Denver Broncos linebacker Brandon Marshall wants to build bridges with police after becoming the latest black athlete to stir controversy for silently protesting during the national anthem.
Denver Police Chief Robert White met with Marshall for close to an hour Tuesday morning to discuss how policing affects people of color — and to also find common ground.
"This was an opportunity, to use a football analogy, to move the ball forward," White later told reporters.
White stressed that he does not specifically endorse the anthem protest, but was open to speaking with Marshall because of the chance to create dialogue and describe the "good work" that officers of the Denver Police Department are doing.
"His kneeling was to speak to the injustices ... in our country," said the police chief, who is also black. "He also recognizes that most of the men and women in law enforcement are out doing the right thing every single day. It's that small percentage that's a challenge for our police department."
Marshall has said taking a knee during the Bronco's season opener last week was meant to bring attention to racial oppression in America — coming after 49ers backup quarterback Colin Kaepernick began doing his own protest by sitting on the bench during the national anthem last month.
Marshall and Kaepernick were fraternity brothers and teammates at the University of Nevada.
Marshall has seen two companies yank endorsement deals so far and someone burned a shirt with his name in front of the Broncos' headquarters.
White said Marshall peppered him with questions about why officers don't seem to be charged or indicted in controversial cop-involved deaths of black men and women.
"My response is to Brandon, while many people, and maybe even you, Brandon, are asking why the officer got off when it appears he or she broke the law … the question that you're really asking is, 'Were those actions necessary?'" White said.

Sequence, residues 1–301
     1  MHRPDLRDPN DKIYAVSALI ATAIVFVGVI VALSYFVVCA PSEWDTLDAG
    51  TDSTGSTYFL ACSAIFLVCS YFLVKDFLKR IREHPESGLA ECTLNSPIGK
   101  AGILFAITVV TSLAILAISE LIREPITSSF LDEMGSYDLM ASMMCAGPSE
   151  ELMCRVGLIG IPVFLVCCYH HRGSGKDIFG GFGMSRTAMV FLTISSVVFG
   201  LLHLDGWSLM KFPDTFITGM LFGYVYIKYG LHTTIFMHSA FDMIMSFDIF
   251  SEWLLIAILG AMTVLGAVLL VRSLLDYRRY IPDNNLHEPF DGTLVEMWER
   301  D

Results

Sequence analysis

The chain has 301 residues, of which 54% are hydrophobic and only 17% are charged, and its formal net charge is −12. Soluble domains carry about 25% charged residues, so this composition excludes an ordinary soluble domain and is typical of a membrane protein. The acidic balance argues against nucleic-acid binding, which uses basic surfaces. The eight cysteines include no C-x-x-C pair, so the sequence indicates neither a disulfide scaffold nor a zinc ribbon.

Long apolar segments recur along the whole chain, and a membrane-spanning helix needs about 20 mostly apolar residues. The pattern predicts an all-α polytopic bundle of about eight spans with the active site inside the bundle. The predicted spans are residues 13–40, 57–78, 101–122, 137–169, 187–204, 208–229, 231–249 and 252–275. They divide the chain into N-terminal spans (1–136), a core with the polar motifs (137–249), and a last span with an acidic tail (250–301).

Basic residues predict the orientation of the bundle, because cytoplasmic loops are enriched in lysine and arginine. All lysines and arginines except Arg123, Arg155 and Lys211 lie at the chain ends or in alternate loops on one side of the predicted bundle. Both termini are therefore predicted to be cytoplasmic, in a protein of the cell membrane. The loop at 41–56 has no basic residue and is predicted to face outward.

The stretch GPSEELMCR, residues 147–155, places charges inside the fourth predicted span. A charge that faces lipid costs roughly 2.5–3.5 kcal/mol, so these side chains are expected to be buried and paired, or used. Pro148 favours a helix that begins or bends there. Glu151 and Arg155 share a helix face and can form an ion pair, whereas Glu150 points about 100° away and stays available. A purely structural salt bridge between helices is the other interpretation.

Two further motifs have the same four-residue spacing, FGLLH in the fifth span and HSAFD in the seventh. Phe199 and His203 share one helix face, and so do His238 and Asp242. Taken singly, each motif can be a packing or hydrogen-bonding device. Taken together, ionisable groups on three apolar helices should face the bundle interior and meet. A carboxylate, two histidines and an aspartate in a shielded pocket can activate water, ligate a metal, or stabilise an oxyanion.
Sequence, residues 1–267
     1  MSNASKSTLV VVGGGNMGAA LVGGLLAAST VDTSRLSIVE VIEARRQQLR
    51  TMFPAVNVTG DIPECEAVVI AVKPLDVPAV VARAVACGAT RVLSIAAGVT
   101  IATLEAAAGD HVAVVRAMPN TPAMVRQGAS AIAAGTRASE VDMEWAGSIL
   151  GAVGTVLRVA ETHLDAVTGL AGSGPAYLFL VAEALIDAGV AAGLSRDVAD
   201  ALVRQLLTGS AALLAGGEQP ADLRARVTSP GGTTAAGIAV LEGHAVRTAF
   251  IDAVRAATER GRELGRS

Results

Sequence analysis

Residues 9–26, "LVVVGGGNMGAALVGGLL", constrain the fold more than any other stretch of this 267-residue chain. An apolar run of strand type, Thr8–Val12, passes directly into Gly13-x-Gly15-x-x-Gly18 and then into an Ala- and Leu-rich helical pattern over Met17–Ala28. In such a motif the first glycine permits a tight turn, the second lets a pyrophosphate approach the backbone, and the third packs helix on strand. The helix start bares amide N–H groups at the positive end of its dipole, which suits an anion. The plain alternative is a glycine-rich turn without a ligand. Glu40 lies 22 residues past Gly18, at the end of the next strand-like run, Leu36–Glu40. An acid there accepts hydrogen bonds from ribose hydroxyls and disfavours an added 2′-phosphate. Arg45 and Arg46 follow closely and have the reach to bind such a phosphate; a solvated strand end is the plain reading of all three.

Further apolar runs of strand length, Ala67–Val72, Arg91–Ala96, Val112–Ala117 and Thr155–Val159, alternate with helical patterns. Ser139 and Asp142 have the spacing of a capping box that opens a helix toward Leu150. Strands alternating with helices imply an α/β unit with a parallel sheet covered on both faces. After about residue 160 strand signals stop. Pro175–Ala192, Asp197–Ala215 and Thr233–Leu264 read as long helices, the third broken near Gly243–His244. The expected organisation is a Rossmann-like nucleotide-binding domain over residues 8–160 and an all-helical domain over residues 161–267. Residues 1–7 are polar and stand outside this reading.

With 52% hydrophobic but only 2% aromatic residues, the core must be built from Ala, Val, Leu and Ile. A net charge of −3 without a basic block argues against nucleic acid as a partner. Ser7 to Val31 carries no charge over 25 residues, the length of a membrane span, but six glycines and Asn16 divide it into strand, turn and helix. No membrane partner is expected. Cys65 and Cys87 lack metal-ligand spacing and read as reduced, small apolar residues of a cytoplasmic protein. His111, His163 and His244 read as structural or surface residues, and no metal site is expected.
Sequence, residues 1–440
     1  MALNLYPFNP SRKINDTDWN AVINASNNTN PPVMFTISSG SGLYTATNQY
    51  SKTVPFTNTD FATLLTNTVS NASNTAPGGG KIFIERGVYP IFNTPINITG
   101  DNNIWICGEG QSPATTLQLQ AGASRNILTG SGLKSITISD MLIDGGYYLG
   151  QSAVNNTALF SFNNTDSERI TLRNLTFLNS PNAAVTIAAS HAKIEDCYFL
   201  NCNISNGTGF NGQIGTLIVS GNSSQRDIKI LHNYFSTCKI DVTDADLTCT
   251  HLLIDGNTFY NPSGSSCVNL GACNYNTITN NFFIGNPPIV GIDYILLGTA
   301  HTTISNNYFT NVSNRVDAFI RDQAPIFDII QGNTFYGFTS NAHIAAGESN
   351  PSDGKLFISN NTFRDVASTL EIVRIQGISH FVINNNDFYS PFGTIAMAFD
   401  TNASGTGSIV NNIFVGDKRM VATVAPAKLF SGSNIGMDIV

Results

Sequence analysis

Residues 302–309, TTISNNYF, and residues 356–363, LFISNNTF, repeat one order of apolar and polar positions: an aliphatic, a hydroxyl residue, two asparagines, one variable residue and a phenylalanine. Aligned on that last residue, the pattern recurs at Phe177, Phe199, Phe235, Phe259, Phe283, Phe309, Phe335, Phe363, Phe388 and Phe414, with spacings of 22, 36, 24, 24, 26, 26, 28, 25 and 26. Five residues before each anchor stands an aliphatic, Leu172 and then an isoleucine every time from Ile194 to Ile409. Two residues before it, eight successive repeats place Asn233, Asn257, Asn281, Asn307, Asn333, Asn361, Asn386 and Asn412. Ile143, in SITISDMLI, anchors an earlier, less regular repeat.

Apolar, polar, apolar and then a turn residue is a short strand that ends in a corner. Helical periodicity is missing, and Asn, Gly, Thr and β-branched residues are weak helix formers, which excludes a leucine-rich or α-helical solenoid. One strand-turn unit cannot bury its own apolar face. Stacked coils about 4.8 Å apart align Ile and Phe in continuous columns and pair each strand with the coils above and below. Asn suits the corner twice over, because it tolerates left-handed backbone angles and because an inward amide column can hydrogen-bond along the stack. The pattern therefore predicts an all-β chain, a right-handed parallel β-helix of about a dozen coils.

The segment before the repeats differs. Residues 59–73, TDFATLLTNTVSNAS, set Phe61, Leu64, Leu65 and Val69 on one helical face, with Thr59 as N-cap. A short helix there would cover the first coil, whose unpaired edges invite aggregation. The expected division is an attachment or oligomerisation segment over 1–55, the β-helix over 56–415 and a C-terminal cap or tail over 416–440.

The police chief added that he has offered to show Marshall police simulation programs so that he better understands the life and death situations cops are confronted with daily. For his part, White said, he realizes that fixing the problem of faulty policing will require cultivating a stronger relationship with residents.
Marshall did not immediately comment about the meeting with White. He told The Associated Press on Monday that he plans to kneel again during the Broncos game against the Indianapolis Colts on Sunday.
Two companies — a Colorado credit union and telecom provider Century Link — have dropped Marshall as a celebrity endorser. But hip-hop mogul Russell Simmons announced this week that he would "find the money" to hire the pro footballer in an endorsement deal for his prepaid debit card, the RushCard.
"He is a great American hero/athlete," Simmons wrote on Instagram. "I am eternally grateful for his and other athletes courage in standing up against injustice."